Emergency Numbers

Here’s a list of nationwide emergency and crisis numbers. If you are in crisis, first call 911 while you’re looking in the front of your local yellow pages. That’s where you’ll usually find the local suicide prevention hotline or crisis center. You can also try your local Gay Lesbian Center, which usually offers referrals for counseling, domestic violence and suicide prevention. If you can’t get through to any of those, try one of the crisis lines below.

The Trevor Project – 866-4-U-TREVOR (866-488-7386)
The Trevor Helpline is the only national 24-hour, toll-free suicide prevention hot line aimed at gay and questioning youth. The Trevor Helpline is geared toward helping those in crisis, or those wanting information on how to help someone in crisis. Managed by their partners at San Francisco Suicide Prevention, the Trevor Helpline calls are handled by highly trained counselors and are free and confidential.

Girls and Boys Town Crisis Line
24 hours a day, every day
800.448.3000*, or for TDD 800.448.1833*

Alcohol a Drug Abuse Hotline – 800-ALCOHOL* – 800.454.8966*

Childhelp USA’s National Child Abuse Hotline – 800.422.4453*

Children of the Night– 800.551.1300* Short term crisis

National Hopeline Network Crisis Hotline – 800.SUICIDE* 784-2433
24/7 Website (administration 1 800 442 4673)

National Alcohol a Drug Abuse Hotline – 800.252.6465

National Network of Runaway Youth Services – 202.783.7949
Networks with youth shelters and other community based groups. 1319 F St NW #401, Washington, DC 20004

 

Suicide Prevention Crisis Lines – Call 911

WEBSITE & EMAIL ADDRESSES:

Metanoia – Contains conversations and writings for suicidal persons to read. If you’re feeling at all suicidal, be sure to read this page before you take any action. It might just save your life. www.metanoia.org/suicide

Kidshelp: www.kidshelpphone.ca – a service for young people which also addresses issues in addition to suicide.

Samaritans www.befrienders.org/email.html (A 24-Hour confidential e-mail service) and kidshelp.sympatico.ca – a service for young people which also addresses issues in addition to suicide. Talk to a therapist online – this is a list of over 200 psychotherapists and other professionally trained counselors who will interact with you via the Internet. Some can respond within 24-36 hours. Most charge a small fee but can be worth it. Be sure to read the background information.


Leonardo Smith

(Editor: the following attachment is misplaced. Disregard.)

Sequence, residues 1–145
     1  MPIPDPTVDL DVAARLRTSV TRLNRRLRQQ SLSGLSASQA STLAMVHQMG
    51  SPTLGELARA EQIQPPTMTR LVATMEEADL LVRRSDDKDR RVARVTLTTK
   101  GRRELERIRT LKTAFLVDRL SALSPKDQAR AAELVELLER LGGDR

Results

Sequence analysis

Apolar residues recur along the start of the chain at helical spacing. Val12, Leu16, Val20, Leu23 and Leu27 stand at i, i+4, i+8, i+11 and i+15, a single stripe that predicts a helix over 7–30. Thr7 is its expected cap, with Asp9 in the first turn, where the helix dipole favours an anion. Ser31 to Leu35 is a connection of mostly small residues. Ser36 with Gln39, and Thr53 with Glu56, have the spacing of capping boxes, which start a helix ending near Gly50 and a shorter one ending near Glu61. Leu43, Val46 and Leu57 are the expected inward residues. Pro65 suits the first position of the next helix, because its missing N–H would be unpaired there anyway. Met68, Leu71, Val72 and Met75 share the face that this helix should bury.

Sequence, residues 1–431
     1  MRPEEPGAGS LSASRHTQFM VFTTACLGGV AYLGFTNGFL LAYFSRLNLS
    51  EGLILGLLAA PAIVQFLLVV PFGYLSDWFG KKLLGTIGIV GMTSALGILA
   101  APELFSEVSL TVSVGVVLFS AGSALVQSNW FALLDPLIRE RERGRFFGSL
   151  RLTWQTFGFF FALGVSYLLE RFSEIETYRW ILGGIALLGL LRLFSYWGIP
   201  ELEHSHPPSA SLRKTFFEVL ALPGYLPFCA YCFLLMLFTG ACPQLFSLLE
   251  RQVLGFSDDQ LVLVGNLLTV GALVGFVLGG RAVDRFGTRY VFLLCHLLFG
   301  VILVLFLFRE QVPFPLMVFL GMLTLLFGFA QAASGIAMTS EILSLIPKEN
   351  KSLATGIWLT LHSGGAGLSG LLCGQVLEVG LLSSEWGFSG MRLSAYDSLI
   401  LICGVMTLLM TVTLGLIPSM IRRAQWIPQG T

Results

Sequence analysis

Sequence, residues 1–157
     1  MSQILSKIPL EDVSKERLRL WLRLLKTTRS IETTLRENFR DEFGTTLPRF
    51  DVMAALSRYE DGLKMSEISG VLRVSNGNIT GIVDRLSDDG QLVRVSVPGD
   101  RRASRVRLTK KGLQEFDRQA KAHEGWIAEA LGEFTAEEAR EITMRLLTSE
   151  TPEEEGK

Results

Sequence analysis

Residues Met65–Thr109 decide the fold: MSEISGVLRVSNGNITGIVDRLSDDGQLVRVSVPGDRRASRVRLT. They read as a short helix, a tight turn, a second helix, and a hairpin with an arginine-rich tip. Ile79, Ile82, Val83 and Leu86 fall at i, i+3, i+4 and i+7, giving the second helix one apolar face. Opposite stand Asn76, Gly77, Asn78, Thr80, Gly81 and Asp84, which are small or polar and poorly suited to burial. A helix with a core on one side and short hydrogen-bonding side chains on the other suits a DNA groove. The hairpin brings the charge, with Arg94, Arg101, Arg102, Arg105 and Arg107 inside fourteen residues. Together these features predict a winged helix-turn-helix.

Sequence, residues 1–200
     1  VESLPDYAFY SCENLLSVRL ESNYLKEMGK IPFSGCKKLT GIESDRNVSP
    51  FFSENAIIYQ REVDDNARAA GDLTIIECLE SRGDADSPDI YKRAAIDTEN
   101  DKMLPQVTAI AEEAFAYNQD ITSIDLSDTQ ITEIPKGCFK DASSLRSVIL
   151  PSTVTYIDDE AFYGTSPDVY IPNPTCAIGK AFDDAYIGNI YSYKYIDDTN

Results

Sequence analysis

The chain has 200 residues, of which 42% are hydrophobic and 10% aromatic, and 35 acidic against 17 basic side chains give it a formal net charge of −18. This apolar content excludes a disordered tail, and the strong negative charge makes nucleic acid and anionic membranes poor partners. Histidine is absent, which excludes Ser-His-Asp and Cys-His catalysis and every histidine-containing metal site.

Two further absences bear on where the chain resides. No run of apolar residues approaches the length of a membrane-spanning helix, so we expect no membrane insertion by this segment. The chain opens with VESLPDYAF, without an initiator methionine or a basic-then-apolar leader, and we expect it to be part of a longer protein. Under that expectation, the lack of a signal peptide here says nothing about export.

This page is dedicated to the memory of Leonardo Smith, a 32-year-old New York City dancer and choreographer, who described himself as a teacher/dancer/activist. Just before taking his own life, Leonardo donated $10,000 to continue the work of Soulforce.

Leonardo was well known in the dance community and appeared as lead dancer in a countless dance recitals. One of his best known was Red Fence, in which he starred.

In his Friendster account, Leonardo expressed his dreams of helping to change the world, "I thought I’d use Friendster to do some activism. I’m in the beginning stages of organizing a Freedom Ride for LGBT teachers and students. We would travel by bus to the middle, west and south of the US to perform direct actions in communities that resist grass roots LGBTQ groups. Education and out reach to LGBTQ kids is the main purpose: Let them know we are here and that we care."

We believe there is no more fitting tribute to Leonardo than this page of emergency numbers. If you are feeling hopeless, depressed, or suicidal, call someone. One conversation with someone who cares will make a huge difference in your life. And if for some reason the emergency line is busy, or not answering, or even "out of service" then email kara@soulforce.org. If she is not in at the moment, she will return your email ASAP. In the meantime, tell Kara your story in an email as long as it takes. She will see that your email is answered with speed and with loving concern.

Drug Addiction, Loneliness, Self-Hatred, Guilt and Fear

  1. Substance Abuse in the Gay and Lesbian Community

  2. Getting Help For Yourself or For Someone You Know

  3. A Wide Selection of Helpful Resources


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1. Substance Abuse in the Gay and Lesbian Community

Alcoholism is a fatal chronic illness affecting the lives of 20 to 30% of the homosexual population (Ziebold & Mongeon, 1982). Studies have found that 35% of lesbians had a history of excessive drinking, compared to only 5% of the heterosexual women in the sample (Saghir, 1970; Lewis, 1982). Approximately 30% of lesbians and gay men are addicted to drugs (Rofes, 1983). The facts show that the homosexual community constitutes a high-risk population with regard to alcoholism and drug abuse.

Why is addiction such a problem?